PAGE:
It's been well below freezing in my part of New England this week, with attendant snow and ice and blasts of arctic air. My heating bills don't bear thinking of, and I've been wearing about fifteen layers and still can't get warm. (Though it could be worse. I could be living in Minnesota.)
So certain poems have been in my head lately. Wallace Stevens' "The Snow Man," especially, and Thomas Hardy's "Snow in the Suburbs." But today I thought of W. H. Auden's "Brussels in Winter," which I first encountered ages ago in one of my favorite classes. And then I couldn't get it out of my head, so here it is:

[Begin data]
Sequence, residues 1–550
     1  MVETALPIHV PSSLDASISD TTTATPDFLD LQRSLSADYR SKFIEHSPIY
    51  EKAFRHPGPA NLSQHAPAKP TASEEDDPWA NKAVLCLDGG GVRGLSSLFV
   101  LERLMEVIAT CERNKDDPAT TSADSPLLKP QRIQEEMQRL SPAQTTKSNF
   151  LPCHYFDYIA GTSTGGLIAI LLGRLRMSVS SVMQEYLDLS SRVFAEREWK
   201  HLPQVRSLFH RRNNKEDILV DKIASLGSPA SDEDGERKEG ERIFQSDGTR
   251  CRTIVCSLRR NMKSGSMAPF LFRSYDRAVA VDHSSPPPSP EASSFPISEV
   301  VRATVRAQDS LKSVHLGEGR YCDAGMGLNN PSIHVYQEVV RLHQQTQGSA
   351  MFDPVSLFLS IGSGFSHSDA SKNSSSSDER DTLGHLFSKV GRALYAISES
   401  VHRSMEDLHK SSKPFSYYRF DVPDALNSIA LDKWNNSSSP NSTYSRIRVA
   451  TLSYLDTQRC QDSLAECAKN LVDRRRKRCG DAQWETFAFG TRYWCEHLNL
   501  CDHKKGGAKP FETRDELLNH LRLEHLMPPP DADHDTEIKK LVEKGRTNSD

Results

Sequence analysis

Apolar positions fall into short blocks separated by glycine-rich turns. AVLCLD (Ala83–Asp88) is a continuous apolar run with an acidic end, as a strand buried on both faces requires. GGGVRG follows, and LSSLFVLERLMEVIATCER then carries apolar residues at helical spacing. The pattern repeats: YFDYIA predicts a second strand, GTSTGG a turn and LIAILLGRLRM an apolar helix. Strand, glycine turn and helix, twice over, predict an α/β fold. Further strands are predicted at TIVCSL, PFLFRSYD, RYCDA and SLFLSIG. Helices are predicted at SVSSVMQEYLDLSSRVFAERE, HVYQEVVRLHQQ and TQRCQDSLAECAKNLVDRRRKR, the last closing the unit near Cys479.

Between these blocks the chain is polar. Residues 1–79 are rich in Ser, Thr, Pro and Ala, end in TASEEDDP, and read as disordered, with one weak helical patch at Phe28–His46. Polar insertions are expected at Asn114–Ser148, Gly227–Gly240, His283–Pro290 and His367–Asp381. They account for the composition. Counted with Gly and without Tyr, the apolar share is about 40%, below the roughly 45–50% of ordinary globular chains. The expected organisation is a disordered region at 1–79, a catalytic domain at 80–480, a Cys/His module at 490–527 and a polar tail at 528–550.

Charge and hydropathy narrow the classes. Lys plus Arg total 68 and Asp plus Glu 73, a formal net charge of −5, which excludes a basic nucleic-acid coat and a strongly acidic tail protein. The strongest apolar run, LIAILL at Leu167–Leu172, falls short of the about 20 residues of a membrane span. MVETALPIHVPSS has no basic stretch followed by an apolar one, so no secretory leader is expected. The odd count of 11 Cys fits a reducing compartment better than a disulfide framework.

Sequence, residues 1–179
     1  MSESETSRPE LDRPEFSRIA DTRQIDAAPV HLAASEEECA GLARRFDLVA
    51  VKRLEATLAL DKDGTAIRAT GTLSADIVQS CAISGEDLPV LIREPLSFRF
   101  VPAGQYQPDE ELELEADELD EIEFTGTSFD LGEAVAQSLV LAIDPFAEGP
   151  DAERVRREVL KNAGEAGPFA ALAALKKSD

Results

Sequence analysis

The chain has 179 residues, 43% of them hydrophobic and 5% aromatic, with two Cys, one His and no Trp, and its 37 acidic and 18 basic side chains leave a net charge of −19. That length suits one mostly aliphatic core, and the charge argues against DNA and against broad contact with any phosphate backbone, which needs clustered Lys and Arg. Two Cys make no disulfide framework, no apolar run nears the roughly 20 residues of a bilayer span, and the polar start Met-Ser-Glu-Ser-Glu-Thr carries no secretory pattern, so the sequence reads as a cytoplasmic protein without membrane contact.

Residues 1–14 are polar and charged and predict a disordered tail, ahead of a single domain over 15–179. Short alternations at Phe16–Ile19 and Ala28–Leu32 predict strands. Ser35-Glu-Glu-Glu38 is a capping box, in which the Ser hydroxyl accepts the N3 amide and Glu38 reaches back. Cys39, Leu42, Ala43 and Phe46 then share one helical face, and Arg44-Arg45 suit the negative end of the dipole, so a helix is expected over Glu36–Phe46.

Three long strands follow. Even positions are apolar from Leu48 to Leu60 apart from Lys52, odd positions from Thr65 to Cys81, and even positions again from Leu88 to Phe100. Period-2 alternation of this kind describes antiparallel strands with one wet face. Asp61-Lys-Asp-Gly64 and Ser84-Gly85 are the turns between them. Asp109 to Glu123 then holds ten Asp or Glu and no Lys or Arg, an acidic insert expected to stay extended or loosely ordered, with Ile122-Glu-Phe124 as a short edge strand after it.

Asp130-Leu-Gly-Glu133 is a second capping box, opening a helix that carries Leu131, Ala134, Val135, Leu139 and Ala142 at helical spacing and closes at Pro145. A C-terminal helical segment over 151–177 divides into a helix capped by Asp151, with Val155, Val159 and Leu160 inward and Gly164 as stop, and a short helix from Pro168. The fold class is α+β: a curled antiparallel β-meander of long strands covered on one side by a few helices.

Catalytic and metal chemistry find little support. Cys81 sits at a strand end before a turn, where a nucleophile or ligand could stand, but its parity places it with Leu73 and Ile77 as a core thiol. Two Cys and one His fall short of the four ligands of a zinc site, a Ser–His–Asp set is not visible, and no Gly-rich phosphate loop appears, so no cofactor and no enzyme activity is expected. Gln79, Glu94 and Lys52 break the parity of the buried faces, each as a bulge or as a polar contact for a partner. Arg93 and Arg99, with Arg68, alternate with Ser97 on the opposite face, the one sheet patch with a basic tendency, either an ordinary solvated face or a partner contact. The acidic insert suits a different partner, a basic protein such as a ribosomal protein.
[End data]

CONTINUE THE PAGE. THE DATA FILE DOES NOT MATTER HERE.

Wandering the cold streets tangled like old string,
Coming on fountains silent in the frost,
The city still escapes you; it has lost
The qualities that say "I am a Thing."
Only the homeless and the really humbled
Seem to be sure exactly where they are,
And in their misery are all assembled;
The winter holds them like the Opera.
Ridges of rich apartments rise tonight
Where isolated windows glow like farms:
A phrase goes packed with meaning like a van,
A look contains the history of man,
And fifty francs will earn the stranger right
To warm the heartless city in his arms.
—W. H. Auden